After working a late day at the office, nothing sounds better than curling up on the couch, turning on the TV, and chowing down on some food. But that little slice of heaven may be hell on the body.
40 Days of Meditation #Zensperiment: Community
This is Week 4 of 5 in Shana Lebowitz’s #zensperiment series. Catch up on Week 0 (why she’s learning to meditate), Week 1 (meditating in real life), Week 2 (challenges of meditation), and Week 3 (meditating in groups).
We hugged, and I felt the softness of her sweater and the strength in her upper arms, smelled the faint odor of shampoo in her curls.
Her name? I have no idea.
Aside from embracing strangers, for the past few days I’ve been thinking a lot about the meaning of community and how meditation is helping me find it. Second maybe to using the bathroom, meditation is pretty much the most solitary practice I can imagine. But as this #zensperiment carries on, I’m starting to realize that meditation is not just about finding yourself, but about figuring out where you fit in the rest of the world.
Last Saturday Jordan, Sophie, and I headed to the Hudson River for Yoga in the Park, an outdoor event led by the husband-and-wife celeb yoga team, Rodney Yee and Colleen Saidman. Personally, I was there for the free swag (yoga mat, water bottle, and pedometer!) but Jordan and Sophie were ready to commune with nature and their fellow yogis.
At noon Rodney turned up his mike and told the 300 people lounging on purple yoga mats under a hazy sky to turn to their neighbor and give them a big hug. There was surprisingly little hesitation and awkwardness as we locked total strangers in hearty embraces without so much as introducing ourselves. As the chuckles and chatter died down, Rodney and Colleen invited us to tune into the breeze around us and the grass underneath us as we participated in a five-minute meditation.
Earlier that week I’d gone with Becca to a class at the Kadampa Meditation Center in Chelsea. After a silent meditation, the class broke out in a chant that sounded something like asking the Buddha to help us find love, patience, and kindness. I’ll admit I was turned off at first — the last time I sang in public might have been during a summer camp play — but after a few minutes I started to feel a little sad. I still don’t know why exactly, though I suspect it was the bittersweet realization that the crowd surrounding me was filled with basically good-hearted people who were here to ask for help living in a world that isn’t always kind.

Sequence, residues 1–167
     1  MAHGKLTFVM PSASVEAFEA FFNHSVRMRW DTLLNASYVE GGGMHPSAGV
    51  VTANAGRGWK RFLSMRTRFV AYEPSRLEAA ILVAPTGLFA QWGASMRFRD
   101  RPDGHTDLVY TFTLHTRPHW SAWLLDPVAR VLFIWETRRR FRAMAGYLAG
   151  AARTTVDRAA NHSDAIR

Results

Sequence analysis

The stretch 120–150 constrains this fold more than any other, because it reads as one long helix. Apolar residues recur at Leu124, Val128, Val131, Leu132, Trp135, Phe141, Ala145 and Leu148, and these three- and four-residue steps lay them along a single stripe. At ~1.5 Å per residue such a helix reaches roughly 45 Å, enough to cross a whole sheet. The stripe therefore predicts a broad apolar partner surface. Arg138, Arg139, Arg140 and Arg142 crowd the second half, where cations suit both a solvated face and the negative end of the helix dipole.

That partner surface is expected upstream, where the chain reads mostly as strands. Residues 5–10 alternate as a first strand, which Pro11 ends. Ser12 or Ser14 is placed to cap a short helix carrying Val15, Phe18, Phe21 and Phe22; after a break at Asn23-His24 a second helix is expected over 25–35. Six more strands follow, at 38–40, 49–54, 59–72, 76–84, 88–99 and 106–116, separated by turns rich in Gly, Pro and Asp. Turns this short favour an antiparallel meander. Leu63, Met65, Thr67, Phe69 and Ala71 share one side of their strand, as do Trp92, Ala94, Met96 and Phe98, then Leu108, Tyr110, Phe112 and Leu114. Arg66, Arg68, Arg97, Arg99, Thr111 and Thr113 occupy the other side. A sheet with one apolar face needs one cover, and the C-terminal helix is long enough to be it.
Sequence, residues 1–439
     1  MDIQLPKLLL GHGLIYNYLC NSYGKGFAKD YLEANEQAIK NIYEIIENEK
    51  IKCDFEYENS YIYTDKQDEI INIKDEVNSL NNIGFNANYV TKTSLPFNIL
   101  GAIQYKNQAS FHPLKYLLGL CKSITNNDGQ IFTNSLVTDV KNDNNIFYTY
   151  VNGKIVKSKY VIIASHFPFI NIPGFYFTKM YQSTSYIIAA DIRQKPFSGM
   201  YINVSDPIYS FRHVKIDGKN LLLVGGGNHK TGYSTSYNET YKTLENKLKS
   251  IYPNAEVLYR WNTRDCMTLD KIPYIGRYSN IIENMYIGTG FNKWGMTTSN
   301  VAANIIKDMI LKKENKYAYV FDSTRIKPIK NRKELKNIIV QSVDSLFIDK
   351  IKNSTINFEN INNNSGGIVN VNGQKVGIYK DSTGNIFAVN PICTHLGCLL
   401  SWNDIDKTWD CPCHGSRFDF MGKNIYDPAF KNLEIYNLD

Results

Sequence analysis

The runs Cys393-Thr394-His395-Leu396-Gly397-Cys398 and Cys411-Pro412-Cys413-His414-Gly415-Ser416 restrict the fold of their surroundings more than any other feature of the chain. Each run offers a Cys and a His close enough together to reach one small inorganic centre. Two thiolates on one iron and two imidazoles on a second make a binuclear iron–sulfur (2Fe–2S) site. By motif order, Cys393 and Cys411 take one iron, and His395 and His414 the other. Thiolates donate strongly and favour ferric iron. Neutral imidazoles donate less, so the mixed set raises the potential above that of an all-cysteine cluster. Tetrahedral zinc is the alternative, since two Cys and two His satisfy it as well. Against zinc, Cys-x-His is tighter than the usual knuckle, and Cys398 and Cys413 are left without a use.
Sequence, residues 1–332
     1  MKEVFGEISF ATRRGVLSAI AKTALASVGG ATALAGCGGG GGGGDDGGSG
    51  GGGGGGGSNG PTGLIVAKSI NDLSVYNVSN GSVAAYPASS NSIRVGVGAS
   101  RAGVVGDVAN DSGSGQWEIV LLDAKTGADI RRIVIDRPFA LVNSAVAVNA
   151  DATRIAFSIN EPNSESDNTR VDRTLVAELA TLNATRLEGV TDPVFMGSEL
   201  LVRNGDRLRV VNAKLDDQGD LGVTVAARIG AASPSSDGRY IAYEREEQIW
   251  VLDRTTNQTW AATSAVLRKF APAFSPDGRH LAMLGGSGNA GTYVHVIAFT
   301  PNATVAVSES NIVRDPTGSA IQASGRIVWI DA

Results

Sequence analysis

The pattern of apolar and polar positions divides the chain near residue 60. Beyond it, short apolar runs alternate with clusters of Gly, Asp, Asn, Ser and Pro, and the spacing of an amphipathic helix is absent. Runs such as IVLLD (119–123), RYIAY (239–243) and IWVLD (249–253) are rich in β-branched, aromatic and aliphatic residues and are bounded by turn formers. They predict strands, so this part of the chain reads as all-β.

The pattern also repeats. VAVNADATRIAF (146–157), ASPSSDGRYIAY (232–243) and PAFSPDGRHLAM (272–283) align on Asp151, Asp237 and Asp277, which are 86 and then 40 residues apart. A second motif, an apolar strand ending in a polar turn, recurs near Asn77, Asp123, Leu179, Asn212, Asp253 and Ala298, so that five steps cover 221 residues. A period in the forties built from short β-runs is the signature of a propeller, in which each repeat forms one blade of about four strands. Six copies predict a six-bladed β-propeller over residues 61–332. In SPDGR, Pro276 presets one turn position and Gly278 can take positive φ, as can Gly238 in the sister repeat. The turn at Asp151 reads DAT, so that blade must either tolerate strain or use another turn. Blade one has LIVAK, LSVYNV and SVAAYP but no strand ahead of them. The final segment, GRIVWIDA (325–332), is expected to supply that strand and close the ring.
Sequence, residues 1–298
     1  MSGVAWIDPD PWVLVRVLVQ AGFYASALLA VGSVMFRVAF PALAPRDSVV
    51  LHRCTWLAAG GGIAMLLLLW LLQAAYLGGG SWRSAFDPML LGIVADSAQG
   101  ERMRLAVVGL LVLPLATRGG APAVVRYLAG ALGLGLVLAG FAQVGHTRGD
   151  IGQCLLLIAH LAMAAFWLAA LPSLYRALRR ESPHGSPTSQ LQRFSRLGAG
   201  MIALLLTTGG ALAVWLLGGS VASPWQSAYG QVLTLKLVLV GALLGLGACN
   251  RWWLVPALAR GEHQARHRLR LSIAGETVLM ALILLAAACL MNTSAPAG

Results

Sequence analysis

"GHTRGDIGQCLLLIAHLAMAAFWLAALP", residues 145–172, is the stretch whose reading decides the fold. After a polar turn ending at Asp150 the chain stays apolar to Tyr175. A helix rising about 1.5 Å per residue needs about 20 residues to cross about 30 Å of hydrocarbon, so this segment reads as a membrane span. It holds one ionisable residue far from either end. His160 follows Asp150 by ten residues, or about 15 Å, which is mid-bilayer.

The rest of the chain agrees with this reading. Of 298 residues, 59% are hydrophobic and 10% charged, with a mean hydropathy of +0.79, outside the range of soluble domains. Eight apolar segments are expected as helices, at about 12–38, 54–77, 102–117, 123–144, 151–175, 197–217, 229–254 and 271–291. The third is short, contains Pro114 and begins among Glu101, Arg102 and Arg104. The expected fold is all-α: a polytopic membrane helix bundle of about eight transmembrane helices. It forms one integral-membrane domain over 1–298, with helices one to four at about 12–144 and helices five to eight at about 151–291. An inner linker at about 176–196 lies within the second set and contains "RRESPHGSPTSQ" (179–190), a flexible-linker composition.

It wasn’t about the Buddha, or about the man leading the chanting from a cushion up front; it wasn’t even about achieving perfect pitch. These people were drawing strength from each other, and from the knowledge that the classmate in the next seat over was struggling, too. Ultimately, everyone there was just looking for peace.
Typically I shy away from vague directions like “feel the energy of the people around you” in yoga and meditation classes. But, at Yoga in the Park, when Colleen told us to notice the energy of all the people on the grass around us, I could almost feel the simultaneous excitement and calm that was sweeping over the crowd at that moment. We were sitting there thinking our separate thoughts but breathing, meditating, and letting go as a unit. The next morning I woke up looking forward to my meditation routine more than usual — at last I’d had the breakthrough I’d (secretly) been hoping for! But when I sat down to meditate, something felt wrong. I started thinking about the work I had to do to prepare for Monday. I opened my eyes, closed them, then opened them again. The magic was gone.
For the rest of the day I felt a little unnerved, and wondered whether I should start meditating exclusively in classes, with a group. After a while, though, I relaxed and started thinking more about our experience in the park. At that moment community hadn’t felt like something I’d found, just something that was there. No one could guarantee I would feel like part of a community while sitting by myself in my room, but looking for that sensation and demanding that it appear would definitely ensure that I’d feel more isolated than ever.
Just before Yoga in the Park ended, Rodney spoke and it was like he’d read our minds. “You are not alone,” he told us. And we weren’t.
Next week marks the end of the Zensperiment, so come back for a final update and recap Tuesday. Until then follow my journey on Twitter at @ShanaDLebowitz!